Kimchi and Kimjang

DSC_0620We hope everyone had a lovely Easter and after all those Easter eggs and hot cross buns, we’re sure everyone is now looking to get fit again! Luckily for us, research has recently shown that kimchi is great for all those looking to lose weight! Our friend Kiejo has always said that kimchi has always been recognised by the UN as one of healthiest dishes in the world and now researchers have discovered that kimchi could help you shift a few pounds! According to this article, kimchi is low-calorie and full of goodness for your body, and it is believed that “if a person eats some kimchi with every meal, it’s possible for them to lose five kilograms (about 11 pounds) in a month.” Sounds good but we are not sure exactly how accurate this is so please don’t go too overboard as kimchi can contain quite a lot of salt!

Kimchi definitely seems to be THE trendy food item of London Town at the moment and with this recent news no doubt the popularity of kimchi is going to go through the roof! So far this side dish has appeared in the Guardian’s hipster food glossary, thanks to the amazing people at Kimchi Cult for putting it in a burger, an excellent way of introducing this pickled delight to the UK masses. If you want to give it a try, Kimchi Cult has just announced they will be appearing at Camden pub The Black Heart Wednesdays to Saturdays for 6 months! As well as their usual appearance at Kings Cross every Wednesday lunchtime. The Metro has also written about the art of pickling becoming fashionable again with kimchi leading the way and even The Daily Mail has put it in their 2013 food trends list but warns of smelly fridges and the super spiciness. So here at Korean Class MASSIVE, we took a closer look at Korea’s most iconic national dish and possibly the big food hit of 2013.

Kimchi cult’s delicious Bulgogi steak and kimchi hot sub. Read our post HERE

Kimchi (김치) is a traditional fermented Korean dish. Most recognisable is the Baechu Kimchi, which is basically cabbage kimchi. The kind of cabbage used is called napa cabbage or as the UK supermarkets like to call it, Chinese leaf. The cabbage is pickled, then marinated in a concoction of spicy chilli powders, garlic, ginger and other richly flavoured ingredients to create the refreshingly tangy dish that we know and love today.

Kimchi is normally made fresh during the Summer months from seasonable vegetables but when it comes to wintertime, South Koreans would have a kimjang where large amounts of kimchi is made and preserved for the Winter. This is normally done during the tenth moon of the year, which means around October time. Last year, thanks to the lovely language school at SOAS, we got the chance to take part in a kimjang and learn how to make kimchi! The class was lead by Hyungsoo Yim, who was a very fun and encouraging teacher, as well as being a renowned chef.

Soas Korean kimchi class

Mr Hyungsoo Yim

Here is the Baechu Kimchi recipe we followed:

4.8kg (2 heads) kimchi cabbage, 700g coarse sea salt, 4 litres of water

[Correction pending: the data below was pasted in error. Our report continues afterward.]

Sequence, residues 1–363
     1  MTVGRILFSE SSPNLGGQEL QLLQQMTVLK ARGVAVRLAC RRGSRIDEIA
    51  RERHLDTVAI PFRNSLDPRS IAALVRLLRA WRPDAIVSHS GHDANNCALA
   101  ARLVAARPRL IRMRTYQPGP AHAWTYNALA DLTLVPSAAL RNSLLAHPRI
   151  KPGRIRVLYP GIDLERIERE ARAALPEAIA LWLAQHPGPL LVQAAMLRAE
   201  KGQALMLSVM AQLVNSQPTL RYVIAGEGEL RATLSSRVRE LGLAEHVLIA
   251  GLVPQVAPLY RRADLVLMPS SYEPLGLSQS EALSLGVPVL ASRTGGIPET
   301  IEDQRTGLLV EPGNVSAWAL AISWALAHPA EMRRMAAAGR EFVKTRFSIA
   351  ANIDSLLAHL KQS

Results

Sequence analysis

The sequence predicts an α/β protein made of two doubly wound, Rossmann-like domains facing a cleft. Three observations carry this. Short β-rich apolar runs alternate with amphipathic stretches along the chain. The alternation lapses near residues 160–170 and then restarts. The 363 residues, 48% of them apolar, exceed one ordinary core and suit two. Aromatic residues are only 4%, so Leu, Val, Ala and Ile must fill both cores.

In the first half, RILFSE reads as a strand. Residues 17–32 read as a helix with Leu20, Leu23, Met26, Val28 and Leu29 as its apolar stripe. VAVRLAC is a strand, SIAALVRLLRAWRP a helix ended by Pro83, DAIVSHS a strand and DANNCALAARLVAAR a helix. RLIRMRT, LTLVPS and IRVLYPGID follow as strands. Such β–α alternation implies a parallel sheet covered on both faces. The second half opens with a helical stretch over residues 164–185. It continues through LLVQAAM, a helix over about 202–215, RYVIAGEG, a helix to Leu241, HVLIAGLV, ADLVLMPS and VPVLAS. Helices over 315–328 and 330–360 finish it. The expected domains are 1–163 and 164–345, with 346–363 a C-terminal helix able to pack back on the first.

130g chilli powder, 100ml fish sauce, 100g shrimp paste, 12g sugar, 80g finely chopped garlic, 36g finely chopped ginger

Kimchi liquid:
100ml water, 2g salt

First step is the preservation/pickling of the cabbage (Chinese leaf) to prepare it for the kimchi process and remove all excess water. The cabbage is split into quarters, and make sure you only cut through the hard stem parts then use your hands to then rip through the leafy part of the cabbage. Salt is then rubbed into the cabbage and left to soak in water. A tip for soaking the cabbage is to make sure you place them with the heart of the cabbage facing upwards. It is suggested that you leave it to soak for 4-5 hours, and most kimjangs would do this the night before. Luckily this lengthy and boring part of kimchi making was pre-done by the lovely chef and his helpers and we got to work on some “here’s some we pickled earlier” cabbage.

Now we make the marinade. You take all the ingredients listed in seasonings and mix it into a paste form. The amount of chilli powder can be altered depending on how spicy you want it/how spicy you can take. And now comes the fun part, make sure you wear gloves as it gets messy!

The marinade is rubbed into the preserved cabbage. Make sure you get it into all the leaves.

The cabbage is then rolled up to leave to marinate.

After all that hard work we got the chance to taste some of the kimchi. This is probably the freshest kimchi we would ever get to taste and it was delicious. Depending on how well rubbed in the marinade is, some kimchi was nice and spicy, and some was kick you in the nuts spicy. And because it was so fresh, you could still taste the sweetness of the cabbage stalk. Delicious!

We had lots of fun taking part in the kimjang and we want to thank SOAS for allowing us to attend this event. Hopefully we’ll be brave enough to try and hold a kimjang of our own one day! And we hope this post helped all those looking to try their hand at some homemade kimchi! Kimchi is delicious and we’re so happy to finally see it in the spotlight. Although kimchi is an acquired taste, it’s well worth a try, and for those not feeling too adventurous, why not try it in some delicious pajeon (pancake) or a nice kimchi bokkeumbap (fried rice). We would also thoroughly recommend kimchi jjigae, it’s very warming during these never ending Winter months!

If you are a fan of Korean food, make sure you keep an eye out for Kimchee to go, from the guy who bought you Wasabi and Holborn restaurant Kimchee, he now brings us convenient Korean food, we can’t wait for the take away kimbap!


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